Pepe Herrera knows how daunting it can be to set out on a new career. A youth worker in Spain, he moved to the town of Solna with his Swedish wife 18 years' ago ("she was clever: before then I'd only ever seen Sweden in the summer" he quips). His first few years in a new country were spent just finding his feet.
This is exactly what he supports young people to do now. Nearly a third of Solna's population are of non-Swedish origin, and the town sees increasing numbers of unaccompanied minors and refugees. The Solna Ungdomscafé youth centre is one of the key places for them to integrate, and to gain access to the information they need to establish themselves in early adulthood.
"We try to open new doors for all the young people we work with," explains Pepe Herrera. "We see a social mix: young people who come to us to socialise, school drop outs, people with special needs, refugees, youth entrepreneurs, and students. It's very important that we treat them all equally, according to their individual needs".
A surprise every day
Pepe Herrera sees his role as supporting young people in the challenges they face, and in their attempts to realise their dreams. A key part of this is simply providing information, particularly for those whose families or schools haven't already supplied it: "there are a lot of opportunities out there for young people, but they can't take them unless they know they're there. We have to show them their rights and help them open new doors."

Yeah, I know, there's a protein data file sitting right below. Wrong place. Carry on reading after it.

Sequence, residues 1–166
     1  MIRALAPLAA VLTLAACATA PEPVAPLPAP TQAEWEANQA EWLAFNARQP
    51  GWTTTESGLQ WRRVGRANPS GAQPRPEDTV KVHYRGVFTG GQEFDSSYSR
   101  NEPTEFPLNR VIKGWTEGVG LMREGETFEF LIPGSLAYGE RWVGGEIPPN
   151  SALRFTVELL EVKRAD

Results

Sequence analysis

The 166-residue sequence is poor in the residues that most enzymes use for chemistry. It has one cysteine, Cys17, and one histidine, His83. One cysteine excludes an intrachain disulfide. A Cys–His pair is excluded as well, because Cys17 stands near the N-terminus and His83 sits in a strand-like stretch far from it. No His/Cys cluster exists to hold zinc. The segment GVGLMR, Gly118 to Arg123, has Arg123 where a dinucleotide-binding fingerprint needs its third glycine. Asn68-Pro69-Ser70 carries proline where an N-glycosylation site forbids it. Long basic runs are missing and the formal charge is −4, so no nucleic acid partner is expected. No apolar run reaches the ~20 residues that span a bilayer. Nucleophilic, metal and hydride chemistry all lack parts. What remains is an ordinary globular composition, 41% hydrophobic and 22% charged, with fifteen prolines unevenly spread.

There is, however, no one dream that fits everyone. One of the most interesting aspects of youth work for Pepe is the variety. Every day is different, and he learns something new. "I am surprised every day," he says, explaining that the people he works with never cease to exceed expectations and to set new challenges.
The power of positive feedback
Some of the people Pepe Herrera works with don't receive much praise in their daily lives. "Perhaps they're constantly being told they're not good enough," he says: "perhaps they've been engaged in criminal activity. But everyone has good in them, and it's a privilege to see that emerge over time".
Society often falls back on negative stereotypes of young people. "We talk about them from our adult perspective," Pepe says: "we adults start from all the ways they are not perfect". Instead, he tries to find something to praise in what they say and do; to offer them a smile, or a thumbs' up. It is an approach that works: even when they are very difficult elsewhere, the centre rarely experiences problems with their behaviour. "Young people are the future of Europe, yes," he says, "but they are also present in the here and now, and they can already contribute and engage if you give them a chance".
Pepe Herrera was nominated as a #Europeanhero by the European Youth Information and Counselling Agency (ERYICA) and he is passionate about the importance of the international links he has forged through them.
"When young people forge links with people like them in other countries, they find that people everywhere share their interests and worries, and often that shifts their perspective, too".